Celebrating Mamounia

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Yesterday, I attended my first Mamounia celebration at the home of a Moroccan family. Mamounia is a holiday unique to Moroccan Jewry, marking the end of Passover. It is a time when Morocco’s Jews open their doors to celebrate with their neighbors and friends of all faiths (i.e. Muslims, as well as Jews). Of course, no Jewish holiday is complete without plenty of good food. And last night included the kinds of delicious breads and cookies many in the room had been deprived of for a week during Passover, when leavened baked goods are forbidden. The celebration also featured Andalusian musicians, singing in Arabic in the “Grenadan” style, as well as a bout of piano playing and singing in Arabic, French, and Hebrew (and possibly a Spanish song or two).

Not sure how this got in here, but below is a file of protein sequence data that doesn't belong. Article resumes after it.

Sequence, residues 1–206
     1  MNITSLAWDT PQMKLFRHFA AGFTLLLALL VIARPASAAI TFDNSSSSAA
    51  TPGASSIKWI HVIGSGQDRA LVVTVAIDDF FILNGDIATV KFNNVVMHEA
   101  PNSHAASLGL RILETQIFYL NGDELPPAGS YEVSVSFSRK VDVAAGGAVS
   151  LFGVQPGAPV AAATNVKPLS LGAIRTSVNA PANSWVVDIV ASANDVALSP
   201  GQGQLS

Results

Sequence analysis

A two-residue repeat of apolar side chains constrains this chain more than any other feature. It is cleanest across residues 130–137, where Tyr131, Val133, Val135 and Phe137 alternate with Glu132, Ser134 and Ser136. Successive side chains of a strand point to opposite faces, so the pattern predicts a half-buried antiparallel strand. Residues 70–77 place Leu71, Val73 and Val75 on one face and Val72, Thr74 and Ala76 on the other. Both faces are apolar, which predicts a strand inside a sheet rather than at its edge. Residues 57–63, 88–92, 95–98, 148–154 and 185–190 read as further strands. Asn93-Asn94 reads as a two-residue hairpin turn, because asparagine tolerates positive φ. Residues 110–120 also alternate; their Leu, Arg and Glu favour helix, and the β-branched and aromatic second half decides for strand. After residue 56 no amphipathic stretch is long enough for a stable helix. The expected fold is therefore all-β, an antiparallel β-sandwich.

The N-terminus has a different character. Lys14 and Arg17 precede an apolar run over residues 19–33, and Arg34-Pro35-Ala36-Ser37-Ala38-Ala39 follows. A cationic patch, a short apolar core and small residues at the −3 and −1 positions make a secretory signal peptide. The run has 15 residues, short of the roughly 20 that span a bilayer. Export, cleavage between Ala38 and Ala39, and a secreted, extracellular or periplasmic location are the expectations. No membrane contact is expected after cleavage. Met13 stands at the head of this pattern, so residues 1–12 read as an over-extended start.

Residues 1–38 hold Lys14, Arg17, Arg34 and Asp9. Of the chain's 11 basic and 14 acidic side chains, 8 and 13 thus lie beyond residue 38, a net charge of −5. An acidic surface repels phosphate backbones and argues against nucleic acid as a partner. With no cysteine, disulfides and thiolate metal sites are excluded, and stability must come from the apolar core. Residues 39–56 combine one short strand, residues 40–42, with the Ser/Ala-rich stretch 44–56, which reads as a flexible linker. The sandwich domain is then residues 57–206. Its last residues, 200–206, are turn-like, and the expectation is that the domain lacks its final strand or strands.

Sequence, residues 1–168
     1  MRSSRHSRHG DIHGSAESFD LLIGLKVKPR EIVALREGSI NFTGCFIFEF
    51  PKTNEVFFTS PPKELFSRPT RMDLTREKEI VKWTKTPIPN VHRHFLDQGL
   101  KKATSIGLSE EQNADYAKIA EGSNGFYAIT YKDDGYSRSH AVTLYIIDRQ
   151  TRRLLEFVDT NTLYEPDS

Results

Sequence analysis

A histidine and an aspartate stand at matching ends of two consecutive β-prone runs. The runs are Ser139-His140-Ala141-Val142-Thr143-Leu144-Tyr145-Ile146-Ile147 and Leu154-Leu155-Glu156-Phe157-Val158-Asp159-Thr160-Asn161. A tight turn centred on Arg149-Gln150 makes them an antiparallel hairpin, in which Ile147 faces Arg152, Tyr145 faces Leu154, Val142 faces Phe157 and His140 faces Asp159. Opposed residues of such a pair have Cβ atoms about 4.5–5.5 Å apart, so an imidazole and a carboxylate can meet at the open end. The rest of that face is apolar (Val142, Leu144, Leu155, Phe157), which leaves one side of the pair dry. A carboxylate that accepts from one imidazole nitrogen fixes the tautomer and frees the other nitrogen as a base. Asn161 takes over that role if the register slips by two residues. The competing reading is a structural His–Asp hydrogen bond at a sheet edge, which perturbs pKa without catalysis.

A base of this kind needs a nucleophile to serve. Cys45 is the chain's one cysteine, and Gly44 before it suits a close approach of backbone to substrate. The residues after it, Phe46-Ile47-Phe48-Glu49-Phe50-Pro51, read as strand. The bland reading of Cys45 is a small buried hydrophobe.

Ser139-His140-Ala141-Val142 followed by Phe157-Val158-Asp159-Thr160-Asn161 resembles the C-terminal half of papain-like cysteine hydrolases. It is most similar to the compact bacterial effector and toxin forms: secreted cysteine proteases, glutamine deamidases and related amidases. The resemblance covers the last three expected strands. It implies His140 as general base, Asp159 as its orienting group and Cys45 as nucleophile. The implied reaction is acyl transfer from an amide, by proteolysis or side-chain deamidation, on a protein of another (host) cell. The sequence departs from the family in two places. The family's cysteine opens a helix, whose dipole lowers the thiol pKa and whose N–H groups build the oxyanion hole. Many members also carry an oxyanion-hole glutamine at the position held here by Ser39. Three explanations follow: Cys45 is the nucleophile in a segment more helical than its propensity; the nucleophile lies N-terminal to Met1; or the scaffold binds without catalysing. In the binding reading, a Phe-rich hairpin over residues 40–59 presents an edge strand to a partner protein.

Enjoying Andalusian music in a traditional Moroccan salon, in celebration of Mamounia.

The buffet table at Mamounia

Singing by the piano. Too bad I can't figure out how to get the video to upload.

This pic is actually not from Mamounia, but I thought this was an appropriate place to include a shot from another Jewish holiday, Pourim. It's a Sephardic tradition: an egg inside a bread bowl, symbolizing the eye of Haman (instead of his ear or hat, as in the Ashkenazic tradition).

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